This article reports on a recent Boston city council meeting at which councilors urged local hospitals and health authorities that may be forced to allocate scarce critical care resources to consider the impact of systemic racism on the prevalence of preexisting health conditions that are part of assessing a patient’s priority for resource allocation.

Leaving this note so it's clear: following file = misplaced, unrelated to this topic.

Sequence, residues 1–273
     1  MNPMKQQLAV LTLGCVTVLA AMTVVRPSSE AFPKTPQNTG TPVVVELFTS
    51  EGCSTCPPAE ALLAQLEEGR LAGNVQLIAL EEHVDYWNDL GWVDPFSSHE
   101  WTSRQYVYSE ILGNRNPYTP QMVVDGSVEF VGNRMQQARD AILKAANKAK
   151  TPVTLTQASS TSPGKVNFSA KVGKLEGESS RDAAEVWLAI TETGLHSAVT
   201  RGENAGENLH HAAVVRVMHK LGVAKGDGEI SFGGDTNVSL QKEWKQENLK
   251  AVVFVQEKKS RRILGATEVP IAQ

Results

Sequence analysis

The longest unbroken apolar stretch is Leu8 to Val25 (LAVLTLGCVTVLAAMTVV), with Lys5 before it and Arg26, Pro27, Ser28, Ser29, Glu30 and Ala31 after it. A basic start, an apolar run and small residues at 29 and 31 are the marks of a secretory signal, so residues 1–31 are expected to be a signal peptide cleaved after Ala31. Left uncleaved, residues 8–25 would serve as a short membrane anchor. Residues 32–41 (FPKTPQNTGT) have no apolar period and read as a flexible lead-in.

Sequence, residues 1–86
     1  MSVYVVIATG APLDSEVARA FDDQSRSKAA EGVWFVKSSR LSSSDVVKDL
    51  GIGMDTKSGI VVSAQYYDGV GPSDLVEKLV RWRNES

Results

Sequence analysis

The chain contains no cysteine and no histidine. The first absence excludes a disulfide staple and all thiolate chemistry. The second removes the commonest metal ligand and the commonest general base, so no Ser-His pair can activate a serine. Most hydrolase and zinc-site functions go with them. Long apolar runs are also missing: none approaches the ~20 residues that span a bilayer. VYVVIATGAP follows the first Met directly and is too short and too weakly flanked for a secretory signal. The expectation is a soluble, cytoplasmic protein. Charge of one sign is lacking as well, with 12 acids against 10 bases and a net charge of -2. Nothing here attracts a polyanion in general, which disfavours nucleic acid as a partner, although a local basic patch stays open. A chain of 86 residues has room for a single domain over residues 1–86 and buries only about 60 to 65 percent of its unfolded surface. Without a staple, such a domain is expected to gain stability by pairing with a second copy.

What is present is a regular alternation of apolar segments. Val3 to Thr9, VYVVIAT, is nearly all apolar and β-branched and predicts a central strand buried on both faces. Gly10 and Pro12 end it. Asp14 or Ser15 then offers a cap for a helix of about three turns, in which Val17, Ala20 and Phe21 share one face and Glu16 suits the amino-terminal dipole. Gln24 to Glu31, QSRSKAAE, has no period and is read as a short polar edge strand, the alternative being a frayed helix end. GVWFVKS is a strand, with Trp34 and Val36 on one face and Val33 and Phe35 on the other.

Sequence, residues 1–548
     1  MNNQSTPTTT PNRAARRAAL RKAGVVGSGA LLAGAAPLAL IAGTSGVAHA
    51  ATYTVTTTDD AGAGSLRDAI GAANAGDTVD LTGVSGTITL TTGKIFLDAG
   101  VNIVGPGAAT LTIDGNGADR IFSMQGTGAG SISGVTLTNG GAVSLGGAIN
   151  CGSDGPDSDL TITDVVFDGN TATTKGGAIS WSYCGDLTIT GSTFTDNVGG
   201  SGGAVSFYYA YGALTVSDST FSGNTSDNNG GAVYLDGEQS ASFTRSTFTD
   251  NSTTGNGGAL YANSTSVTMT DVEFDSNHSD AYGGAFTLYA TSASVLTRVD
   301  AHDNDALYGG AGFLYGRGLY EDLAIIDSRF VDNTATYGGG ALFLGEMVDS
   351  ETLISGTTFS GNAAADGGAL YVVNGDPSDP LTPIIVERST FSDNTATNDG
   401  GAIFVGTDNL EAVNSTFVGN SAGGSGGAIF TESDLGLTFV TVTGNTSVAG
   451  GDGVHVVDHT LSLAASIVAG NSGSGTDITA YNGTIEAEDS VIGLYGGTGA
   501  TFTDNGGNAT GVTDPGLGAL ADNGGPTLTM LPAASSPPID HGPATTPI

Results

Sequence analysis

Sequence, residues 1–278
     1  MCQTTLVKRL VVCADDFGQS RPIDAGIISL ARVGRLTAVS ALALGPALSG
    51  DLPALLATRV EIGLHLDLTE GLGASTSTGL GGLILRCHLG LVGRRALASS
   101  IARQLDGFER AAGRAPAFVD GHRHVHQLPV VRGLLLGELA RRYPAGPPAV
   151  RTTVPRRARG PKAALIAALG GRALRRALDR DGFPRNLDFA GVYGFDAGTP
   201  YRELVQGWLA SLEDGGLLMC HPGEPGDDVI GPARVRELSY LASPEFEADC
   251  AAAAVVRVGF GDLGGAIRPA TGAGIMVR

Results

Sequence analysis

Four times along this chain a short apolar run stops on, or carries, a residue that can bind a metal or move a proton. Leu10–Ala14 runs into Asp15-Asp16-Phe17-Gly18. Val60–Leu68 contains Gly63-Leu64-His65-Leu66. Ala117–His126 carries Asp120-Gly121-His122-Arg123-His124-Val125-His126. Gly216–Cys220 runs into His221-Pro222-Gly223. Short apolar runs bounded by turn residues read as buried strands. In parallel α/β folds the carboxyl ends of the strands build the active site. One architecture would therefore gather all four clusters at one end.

Massachusetts state health officials issued guidelines for scarce resource allocation that prioritizes patients most likely to survive with intervention and to live longer overall. The guidance is not mandatory, and Boston city councilors urged hospitals and health authorities to consider the impact of race and systemic racism on health in making potential allocation decisions if resources become scarce. The city councilors emphasized that patients’ underlying health conditions that may be factored into this assessment, such as diabetes, hypertension, obesity, and asthma, are more prevalent in communities of color and that these disparities result from historical and systemic inequities and racism. Simultaneously, communities of color appear to represent a disproportionate share of COVID-19 cases based on initial data, a combination of factors that threatens to further inequitably burden these communities if case surge results in a need to ration critical resources.